With a midnight deadline in sight, presidential candidates pushed for every last dollar.
Former Sen. John Edwards', D-N.C., campaign manager pleaded with supporters via e-mail.
"There is no 'later' on this one," wrote David Bonior. "Tonight sets the course for the rest of the campaign, and this moment won't come again. Will you be the one who gets us across the finish line?"
That finish line is the deadline for first quarter fundraising. Aside from opinion polls, these dollar amounts will show how a campaign is doing both nationally and in comparison with its rivals.
"These FEC reports are really early report cards in terms of the strength of these campaigns," said Michael Toner, former chairman of the Federal Election Commission. "Either you produce the money or you don't. Either you're in the top tier or you're not."
The numbers also play into the political expectations game.
"If you don't exceed expectations, if you go below expectations, it's a huge problem," said Matthew Dowd, chief strategist for the 2004 Bush campaign. "If you exceed expectations, it is a good day."
The leading candidates are expected to raise $15 million to $40 million. Compare that to 1999, when Al Gore led the pack after the first quarter with just $9 million.
Candidates are facing a wide-open race, no spending limits, and an extra early primary season where the winners could be determined as early as Feb. 5.
"You can't wait until next January or February to raise campaign money. To be viable, you must do so now," said Toner.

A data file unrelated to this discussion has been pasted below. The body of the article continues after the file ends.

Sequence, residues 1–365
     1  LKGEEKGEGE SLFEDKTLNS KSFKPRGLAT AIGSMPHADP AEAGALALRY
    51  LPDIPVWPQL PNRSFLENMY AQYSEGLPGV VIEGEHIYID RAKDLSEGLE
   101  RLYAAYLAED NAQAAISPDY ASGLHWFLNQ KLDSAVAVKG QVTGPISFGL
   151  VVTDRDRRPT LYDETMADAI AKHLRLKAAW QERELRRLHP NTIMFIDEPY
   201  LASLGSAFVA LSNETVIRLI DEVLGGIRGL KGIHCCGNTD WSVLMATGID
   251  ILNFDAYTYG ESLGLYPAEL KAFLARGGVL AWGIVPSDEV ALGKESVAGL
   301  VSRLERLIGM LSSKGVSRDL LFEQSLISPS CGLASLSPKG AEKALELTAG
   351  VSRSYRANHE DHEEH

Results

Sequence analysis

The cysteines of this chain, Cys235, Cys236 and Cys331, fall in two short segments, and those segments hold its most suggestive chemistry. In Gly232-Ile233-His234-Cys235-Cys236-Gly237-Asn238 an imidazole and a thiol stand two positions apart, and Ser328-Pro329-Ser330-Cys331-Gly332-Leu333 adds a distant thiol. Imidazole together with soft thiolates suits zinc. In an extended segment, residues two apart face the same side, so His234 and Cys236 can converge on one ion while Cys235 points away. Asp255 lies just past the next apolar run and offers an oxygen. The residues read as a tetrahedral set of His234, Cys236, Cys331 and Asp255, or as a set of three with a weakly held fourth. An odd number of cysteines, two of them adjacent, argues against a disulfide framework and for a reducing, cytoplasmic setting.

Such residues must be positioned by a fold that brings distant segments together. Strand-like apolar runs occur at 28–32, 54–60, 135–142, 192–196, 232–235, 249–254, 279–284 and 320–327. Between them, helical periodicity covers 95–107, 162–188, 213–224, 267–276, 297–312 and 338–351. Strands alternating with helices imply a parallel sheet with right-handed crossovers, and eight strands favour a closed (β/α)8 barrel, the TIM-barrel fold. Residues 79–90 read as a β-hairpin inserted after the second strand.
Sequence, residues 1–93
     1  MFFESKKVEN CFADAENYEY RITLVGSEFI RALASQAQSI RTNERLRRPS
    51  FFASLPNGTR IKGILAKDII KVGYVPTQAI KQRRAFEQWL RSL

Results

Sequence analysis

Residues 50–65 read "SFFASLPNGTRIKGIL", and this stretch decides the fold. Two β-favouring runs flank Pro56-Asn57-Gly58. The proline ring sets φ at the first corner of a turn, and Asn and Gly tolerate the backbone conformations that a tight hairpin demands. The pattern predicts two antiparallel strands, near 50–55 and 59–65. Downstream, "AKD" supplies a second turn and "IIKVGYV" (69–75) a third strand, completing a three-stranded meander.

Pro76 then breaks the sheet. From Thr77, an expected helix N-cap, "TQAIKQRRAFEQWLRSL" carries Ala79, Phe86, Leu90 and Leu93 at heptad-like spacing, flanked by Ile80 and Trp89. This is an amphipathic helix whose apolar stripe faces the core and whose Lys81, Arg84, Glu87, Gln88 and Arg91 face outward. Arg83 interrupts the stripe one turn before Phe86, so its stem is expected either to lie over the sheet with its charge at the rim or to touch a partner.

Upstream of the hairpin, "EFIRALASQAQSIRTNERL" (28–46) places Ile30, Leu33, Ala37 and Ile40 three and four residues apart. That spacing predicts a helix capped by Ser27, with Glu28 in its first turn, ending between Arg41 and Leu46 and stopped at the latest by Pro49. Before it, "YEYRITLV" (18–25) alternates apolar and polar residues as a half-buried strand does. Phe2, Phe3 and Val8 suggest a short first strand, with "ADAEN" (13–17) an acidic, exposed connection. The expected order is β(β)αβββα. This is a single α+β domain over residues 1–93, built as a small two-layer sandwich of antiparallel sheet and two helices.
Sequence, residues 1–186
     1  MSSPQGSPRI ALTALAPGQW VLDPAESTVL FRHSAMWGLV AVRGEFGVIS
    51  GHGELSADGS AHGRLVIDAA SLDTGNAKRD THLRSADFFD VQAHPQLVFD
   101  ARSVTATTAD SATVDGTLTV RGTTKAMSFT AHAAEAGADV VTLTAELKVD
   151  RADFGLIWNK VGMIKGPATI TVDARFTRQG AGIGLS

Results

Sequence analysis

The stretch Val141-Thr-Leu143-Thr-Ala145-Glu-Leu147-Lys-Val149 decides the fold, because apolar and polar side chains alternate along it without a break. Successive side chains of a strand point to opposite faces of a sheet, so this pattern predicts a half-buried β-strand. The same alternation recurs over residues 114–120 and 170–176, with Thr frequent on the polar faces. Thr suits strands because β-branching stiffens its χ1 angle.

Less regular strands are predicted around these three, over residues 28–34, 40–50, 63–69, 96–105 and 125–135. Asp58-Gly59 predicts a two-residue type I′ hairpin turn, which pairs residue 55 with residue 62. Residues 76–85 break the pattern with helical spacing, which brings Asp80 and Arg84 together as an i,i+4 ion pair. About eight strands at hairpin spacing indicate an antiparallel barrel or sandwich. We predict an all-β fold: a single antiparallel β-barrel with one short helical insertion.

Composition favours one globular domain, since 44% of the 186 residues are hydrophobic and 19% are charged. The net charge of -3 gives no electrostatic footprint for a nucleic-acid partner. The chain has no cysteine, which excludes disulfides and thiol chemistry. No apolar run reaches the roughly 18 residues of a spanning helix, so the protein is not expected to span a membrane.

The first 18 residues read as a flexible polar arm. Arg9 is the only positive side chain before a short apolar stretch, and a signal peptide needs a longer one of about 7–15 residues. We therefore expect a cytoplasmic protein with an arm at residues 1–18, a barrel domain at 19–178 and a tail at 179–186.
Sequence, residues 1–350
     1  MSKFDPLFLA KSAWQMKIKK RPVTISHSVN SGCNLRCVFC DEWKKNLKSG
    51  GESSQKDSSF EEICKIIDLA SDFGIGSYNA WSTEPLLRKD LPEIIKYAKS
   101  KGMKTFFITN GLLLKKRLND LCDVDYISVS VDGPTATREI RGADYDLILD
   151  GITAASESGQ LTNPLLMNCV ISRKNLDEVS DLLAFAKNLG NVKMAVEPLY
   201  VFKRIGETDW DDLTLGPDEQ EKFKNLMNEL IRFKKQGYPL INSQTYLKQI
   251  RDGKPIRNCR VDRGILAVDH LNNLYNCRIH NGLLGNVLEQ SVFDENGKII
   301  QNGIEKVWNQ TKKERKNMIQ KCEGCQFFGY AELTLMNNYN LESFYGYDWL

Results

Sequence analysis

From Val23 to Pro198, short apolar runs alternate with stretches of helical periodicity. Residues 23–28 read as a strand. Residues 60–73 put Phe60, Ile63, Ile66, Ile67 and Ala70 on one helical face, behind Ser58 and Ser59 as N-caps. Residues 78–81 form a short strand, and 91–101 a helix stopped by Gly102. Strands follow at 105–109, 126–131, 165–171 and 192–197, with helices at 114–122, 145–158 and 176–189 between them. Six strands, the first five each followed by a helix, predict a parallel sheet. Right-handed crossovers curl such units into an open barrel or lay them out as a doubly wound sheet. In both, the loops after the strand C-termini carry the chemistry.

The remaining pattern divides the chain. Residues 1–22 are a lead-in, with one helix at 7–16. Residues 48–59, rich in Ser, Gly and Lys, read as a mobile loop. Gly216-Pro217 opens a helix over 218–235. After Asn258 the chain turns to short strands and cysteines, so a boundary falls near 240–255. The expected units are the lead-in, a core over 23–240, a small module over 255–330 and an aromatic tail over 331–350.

So, candidates spent Saturday on the stump. Sen. Hillary Clinton, D-N.Y., made several stops in Florida, including a hip-hop-filled evening gala with husband Bill in Miami.
Sen. Barack Obama, D-Ill., held several events in Iowa, as did Sen. Chris Dodd, D-Conn. Edwards hit up donors at several private fundraisers. Sen. Joe Biden, D-Del., shook hands in South Carolina.
The Republican contenders took a break after raising money at a breakneck pace. Former New York mayor Rudy Giuliani held a fundraiser every day this week. Sen. John McCain, R-Ariz., took off for Iraq, after headlining 27 events this month alone.
But their Internet pleas have been constant. Republican former Massachusetts Gov. Mitt Romney's wife Ann explained why the first quarter report was so important.
"It's a moment pundits and prognosticators and the other candidates in the race will be watching to see how much money we can raise for Mitt," she wrote. "Now you can help put us over the top by showing your support today."
Former Republican Arkansas Gov. Mike Huckabee compared the moment to the hit TV show "24," in which the show's hero, Jack Bauer, races against the clock.
"We're in our own version of '24,' as we seek to show support in the first quarter reports," he wrote supporters. "Jack Bauer is not available to help us, but I'd rather have your help than a fictional TV hero any day!"